Lastly, Barlow brewery what make nice beer are opening a venue on Chatsworth Road in Chesterfield called the Tap House in soon. Their unofficial brewery Tap is the Hare and Hounds at Barlow Commonside which is a pub I really rate. Yet even I have to concede that a pub in he beer centre of Chesterfield would provide a higher profile for Barlow's wares.  The Tap House are on Facebook as of last week, here is their page, however that seems to be about it at the mo. If my "legendary" sleuthing is to be believed, the Tap House will be where the Brampton Ale House used to be, based on the Post Code, but am once again already out of info on this one. I would keep looking at their facebook page for updates.

What this shows, along with the Buxton Tap House (which, in a disappointing theme, I have also neglected to visit) is that some notable local breweries are opening dedicated outlets for their real ales. If you take the examples of Spire, Brampton and Acorn, to name but a few, I would suggest this is  another positive development for the wider area.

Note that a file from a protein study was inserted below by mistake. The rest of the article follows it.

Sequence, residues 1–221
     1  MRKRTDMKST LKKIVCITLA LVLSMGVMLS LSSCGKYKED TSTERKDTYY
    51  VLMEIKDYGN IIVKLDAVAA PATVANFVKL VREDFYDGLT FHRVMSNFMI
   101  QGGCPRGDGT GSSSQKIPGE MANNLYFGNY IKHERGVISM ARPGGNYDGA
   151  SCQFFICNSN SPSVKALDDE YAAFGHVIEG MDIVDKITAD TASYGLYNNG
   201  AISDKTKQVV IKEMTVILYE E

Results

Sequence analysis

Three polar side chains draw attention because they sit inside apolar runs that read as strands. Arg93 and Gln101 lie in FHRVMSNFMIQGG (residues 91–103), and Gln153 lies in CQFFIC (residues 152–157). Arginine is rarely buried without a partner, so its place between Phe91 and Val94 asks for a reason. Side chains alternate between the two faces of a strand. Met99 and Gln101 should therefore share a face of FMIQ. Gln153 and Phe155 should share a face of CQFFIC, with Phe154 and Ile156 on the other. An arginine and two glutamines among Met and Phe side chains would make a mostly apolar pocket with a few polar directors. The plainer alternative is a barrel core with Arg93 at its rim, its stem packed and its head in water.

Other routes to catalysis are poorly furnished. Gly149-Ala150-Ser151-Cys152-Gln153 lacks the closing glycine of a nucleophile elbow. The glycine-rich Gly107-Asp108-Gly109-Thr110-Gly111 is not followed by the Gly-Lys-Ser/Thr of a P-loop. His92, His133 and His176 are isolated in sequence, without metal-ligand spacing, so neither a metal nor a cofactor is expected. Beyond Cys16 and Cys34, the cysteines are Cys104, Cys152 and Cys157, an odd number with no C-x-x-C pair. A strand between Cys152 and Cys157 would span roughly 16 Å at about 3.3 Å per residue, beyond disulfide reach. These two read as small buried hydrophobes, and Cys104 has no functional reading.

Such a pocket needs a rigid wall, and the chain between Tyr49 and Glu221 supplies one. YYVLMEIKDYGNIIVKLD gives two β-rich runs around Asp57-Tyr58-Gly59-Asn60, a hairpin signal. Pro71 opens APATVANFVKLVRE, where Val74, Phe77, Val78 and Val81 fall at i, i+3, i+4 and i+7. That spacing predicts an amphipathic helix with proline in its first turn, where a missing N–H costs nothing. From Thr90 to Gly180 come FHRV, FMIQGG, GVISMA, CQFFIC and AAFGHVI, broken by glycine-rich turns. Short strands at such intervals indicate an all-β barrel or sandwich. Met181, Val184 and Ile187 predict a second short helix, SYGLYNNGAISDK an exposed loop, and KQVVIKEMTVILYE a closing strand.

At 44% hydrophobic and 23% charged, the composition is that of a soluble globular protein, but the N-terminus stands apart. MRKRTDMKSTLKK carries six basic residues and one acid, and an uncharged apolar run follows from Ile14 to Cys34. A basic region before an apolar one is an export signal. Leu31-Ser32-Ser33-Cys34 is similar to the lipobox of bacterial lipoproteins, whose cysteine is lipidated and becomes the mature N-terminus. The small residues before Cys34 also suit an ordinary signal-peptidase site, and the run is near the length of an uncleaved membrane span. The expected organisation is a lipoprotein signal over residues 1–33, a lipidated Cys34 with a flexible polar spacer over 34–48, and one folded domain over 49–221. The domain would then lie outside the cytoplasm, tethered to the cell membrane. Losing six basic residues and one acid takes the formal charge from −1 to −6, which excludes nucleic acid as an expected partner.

It also justify's, as if that were needed, the selection of Sheffield as a top beer destination by the New York Times. Clearly chaps with their heads screwed on, and a love of eclectic public transport links....

Wee Beefy.

Sunday, 19 January 2014

Reasons to be cheerful


           its been a fortnight of firsts and two weeks of reassuring regulars here at Beefotronic PLC. Having trekked through the East end to find new and untried boozers last weekend, in between times and thereafter I have been sticking to what I know. Below is a sample of some of the ales and pubs encountered in Sheffield lately, and news of a new brewery tap for you to try out.

Immediately after my Don walk I met Miss N in the Red Deer. It was entirely rammed, as it is on a Saturday night but we patiently acquired a seat and plenty of company, to sup pints of excellent Roosters Wild Mule. I haven't always got on with Roosters beers for one reason or another but this one really hit the spot.